Window replacement was ongoing at D.W. Poppy Secondary through summer into fall, a project that continued well into October.

On the business end of things, Aldergrove Credit Union announced merger discussions with G&F Financial.

And, Langley Township had put the call out for commercial cannabis store applications in May and received a total of 20; eight of them located in Aldergrove.

Election fever spread across B.C. for much of October as Premier John Horgan announced a snap election and hit the campaign trail leading up to voting day, Oct. 24.

Liberal Bruce Banman, Abbotsford South’s MLA elect, took 44.69 per cent of the vote, taking over for independent Darryl Plecas, who announced he would not seek re-election.

In Abbotsford West, which covers sections of North Langley and Glen Valley, Liberal incumbent Mike de Jong held on to his riding, which he’s served since 1994.

A single Asian giant hornet caused alarm when the invasive species was found near Fraser Highway and Highway 13 in Aldergrove in early November – approximately five kilometres away from where one was found in Abbotsford.

The long-standing Alder Inn saw its final day on Monday, Nov. 16 – the Aldergrove landmark was demolished after months of standing empty; a mix of support for the installation of something new and anger regarding dismissal of the building’s heritage value swirled as MWL Demolition Ltd. swept away the debris in a matter of days.

It was an unusually quick and quiet Remembrance Day – restrictions barred attendees from coming to pay their respects at the annual service, with the ceremony being live-streamed on social media.

The delayed construction of a stoplight at 272nd Street and 28th Avenue finally began with Township crews erecting the new safety measure in early November.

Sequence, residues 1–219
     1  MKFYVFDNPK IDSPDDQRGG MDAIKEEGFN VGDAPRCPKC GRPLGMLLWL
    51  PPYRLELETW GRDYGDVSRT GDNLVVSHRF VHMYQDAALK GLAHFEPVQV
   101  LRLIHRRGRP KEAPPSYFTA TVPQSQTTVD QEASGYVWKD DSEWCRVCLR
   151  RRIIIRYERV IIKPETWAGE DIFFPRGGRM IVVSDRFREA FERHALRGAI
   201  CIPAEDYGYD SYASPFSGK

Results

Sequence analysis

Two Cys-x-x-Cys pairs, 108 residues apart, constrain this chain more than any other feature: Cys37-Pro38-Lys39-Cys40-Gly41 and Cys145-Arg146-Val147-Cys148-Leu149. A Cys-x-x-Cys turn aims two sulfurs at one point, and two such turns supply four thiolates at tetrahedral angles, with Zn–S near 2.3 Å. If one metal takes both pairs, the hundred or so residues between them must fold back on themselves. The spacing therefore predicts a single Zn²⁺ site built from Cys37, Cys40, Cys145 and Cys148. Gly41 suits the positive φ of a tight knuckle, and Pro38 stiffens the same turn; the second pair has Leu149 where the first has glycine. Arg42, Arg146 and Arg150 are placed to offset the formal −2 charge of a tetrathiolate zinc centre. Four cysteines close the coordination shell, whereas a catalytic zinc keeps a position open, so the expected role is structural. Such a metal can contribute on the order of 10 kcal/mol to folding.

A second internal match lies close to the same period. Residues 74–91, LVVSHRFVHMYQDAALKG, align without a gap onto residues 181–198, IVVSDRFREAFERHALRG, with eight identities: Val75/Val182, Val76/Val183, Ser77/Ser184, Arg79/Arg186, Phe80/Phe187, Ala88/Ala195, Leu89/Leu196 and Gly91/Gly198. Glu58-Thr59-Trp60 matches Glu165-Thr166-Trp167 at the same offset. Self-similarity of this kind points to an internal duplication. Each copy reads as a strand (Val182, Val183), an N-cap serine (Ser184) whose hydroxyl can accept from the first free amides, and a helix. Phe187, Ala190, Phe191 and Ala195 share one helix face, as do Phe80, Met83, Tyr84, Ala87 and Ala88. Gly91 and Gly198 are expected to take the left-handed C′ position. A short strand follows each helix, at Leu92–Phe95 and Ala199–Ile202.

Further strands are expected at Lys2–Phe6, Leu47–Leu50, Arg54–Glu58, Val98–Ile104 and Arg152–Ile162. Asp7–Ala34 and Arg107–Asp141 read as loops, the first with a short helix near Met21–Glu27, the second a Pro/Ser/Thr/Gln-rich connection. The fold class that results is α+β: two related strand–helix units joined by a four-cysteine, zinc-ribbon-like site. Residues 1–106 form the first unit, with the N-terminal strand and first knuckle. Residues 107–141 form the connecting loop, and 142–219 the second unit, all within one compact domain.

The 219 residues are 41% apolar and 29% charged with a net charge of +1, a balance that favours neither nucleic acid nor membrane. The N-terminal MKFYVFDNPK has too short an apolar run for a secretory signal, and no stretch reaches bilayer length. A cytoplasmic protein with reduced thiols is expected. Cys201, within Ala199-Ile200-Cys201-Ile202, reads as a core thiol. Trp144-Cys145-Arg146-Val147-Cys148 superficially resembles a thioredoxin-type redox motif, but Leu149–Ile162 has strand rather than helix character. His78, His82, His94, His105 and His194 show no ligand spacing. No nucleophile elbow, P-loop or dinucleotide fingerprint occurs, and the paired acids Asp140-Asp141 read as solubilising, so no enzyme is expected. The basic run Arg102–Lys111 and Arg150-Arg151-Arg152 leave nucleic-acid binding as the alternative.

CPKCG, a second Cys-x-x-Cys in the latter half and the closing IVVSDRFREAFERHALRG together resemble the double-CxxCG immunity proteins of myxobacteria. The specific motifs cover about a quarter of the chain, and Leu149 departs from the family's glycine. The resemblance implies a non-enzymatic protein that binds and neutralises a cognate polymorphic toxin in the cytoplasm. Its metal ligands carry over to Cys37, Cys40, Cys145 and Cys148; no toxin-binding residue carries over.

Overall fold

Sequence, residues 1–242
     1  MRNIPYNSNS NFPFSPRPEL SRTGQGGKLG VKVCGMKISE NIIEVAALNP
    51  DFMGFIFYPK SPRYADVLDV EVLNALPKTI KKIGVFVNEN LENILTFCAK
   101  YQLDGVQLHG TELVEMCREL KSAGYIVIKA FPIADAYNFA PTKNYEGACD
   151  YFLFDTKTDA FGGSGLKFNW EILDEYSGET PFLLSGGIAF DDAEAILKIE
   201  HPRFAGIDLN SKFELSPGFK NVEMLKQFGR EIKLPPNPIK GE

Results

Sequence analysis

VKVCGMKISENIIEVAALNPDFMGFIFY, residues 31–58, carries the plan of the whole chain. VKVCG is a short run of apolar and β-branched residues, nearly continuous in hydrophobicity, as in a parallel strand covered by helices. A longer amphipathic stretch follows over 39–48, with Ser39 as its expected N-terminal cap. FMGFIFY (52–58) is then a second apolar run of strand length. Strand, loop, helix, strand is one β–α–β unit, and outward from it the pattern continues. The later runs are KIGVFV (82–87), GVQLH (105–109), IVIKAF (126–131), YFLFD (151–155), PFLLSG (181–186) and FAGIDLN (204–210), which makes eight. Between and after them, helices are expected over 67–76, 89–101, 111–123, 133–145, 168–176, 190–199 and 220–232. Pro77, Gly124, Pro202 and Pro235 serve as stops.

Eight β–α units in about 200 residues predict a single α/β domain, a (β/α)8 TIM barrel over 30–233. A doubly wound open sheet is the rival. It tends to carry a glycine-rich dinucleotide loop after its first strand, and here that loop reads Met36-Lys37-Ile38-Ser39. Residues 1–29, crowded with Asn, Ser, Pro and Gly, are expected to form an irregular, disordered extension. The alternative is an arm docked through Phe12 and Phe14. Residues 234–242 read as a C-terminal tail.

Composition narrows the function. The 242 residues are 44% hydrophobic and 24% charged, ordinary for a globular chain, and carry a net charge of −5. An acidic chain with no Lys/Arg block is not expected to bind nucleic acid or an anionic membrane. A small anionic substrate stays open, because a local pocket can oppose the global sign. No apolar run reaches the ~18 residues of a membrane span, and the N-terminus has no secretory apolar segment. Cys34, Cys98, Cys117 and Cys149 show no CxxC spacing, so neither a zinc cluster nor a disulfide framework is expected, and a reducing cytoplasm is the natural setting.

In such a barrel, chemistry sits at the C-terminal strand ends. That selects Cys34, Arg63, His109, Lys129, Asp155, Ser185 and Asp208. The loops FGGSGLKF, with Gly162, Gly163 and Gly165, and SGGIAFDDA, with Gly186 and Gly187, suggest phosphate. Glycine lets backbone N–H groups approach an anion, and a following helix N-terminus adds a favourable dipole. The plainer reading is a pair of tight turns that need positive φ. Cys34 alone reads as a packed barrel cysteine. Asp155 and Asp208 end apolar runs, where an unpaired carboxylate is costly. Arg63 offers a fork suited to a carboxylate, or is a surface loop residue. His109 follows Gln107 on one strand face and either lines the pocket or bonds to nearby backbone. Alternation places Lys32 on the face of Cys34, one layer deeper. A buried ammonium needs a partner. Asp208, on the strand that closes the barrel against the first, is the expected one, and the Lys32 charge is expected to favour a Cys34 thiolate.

While Aldergrove’s COVID count remained generally low, one staff member and three residents at Jackman Manor tested positive for COVID-19.

Fraser Health Authority reported an outbreak at the long term care facility that is owned and operated by Aldergrove Lions Seniors Housing Society, but it was declared over by the end of month.

By December, Township council approved the installation of a 27-foot Christmas tree to go up at the former Alder Inn site. The Aldergrove Business Association encouraged others to decorate the surrounding fence with red ribbons.

Dr. Bonnie Henry’s restrictions on events moved Glow Gardens from the Greater Vancouver Zoo to it’s original location at Darvonda Nurseries in Milner while Christmas in Williams Park was able to squeeze in two weekends that saw thousands come to enjoy the drive-thru-style event.

Aldergrove’s annual Light Up Christmas parade was cancelled, but the local legion branch, Aldergrove Fair, and Aldergrove Elks came together to host a stationary parade that included floats, Mr. and Mrs. Claus, and a living nativity scene at branch #265.

Participants were encouraged to bring non-perishable food items and cash donations for the Aldergrove Food Bank and Ishtar Women’s Society; $42,400 was raised in total, completely filling the food bank’s shelves.